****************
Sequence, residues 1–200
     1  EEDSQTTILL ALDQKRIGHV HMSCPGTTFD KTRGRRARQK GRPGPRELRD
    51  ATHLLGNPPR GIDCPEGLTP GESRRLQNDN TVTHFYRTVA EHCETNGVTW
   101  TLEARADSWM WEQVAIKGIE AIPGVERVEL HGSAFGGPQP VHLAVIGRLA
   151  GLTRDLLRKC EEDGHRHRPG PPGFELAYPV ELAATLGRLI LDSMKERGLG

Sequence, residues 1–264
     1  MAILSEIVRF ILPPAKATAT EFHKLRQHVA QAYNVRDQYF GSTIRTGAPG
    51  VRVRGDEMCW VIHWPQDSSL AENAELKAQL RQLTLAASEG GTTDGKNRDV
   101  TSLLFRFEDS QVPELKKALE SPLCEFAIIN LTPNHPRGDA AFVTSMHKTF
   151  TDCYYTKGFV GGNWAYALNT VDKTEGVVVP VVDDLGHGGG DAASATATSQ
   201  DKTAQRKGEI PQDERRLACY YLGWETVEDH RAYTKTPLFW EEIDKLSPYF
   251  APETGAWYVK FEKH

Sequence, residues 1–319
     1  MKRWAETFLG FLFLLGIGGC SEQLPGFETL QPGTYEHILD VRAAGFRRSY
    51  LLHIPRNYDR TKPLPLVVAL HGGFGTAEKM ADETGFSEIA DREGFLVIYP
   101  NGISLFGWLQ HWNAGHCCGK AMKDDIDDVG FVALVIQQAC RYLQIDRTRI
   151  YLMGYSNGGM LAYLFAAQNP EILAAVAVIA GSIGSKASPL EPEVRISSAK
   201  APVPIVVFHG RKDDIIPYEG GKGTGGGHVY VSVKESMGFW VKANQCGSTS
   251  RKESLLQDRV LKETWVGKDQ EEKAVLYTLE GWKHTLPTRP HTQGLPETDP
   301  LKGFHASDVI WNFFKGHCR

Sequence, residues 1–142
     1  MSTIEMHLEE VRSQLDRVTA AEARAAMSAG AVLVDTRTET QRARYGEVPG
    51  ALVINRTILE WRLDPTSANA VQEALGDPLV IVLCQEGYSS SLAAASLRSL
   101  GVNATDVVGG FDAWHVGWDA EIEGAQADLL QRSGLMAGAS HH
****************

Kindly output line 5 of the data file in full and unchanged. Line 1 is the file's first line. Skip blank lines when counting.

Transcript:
   151  GLTRDLLRKC EEDGHRHRPG PPGFELAYPV ELAATLGRLI LDSMKERGLG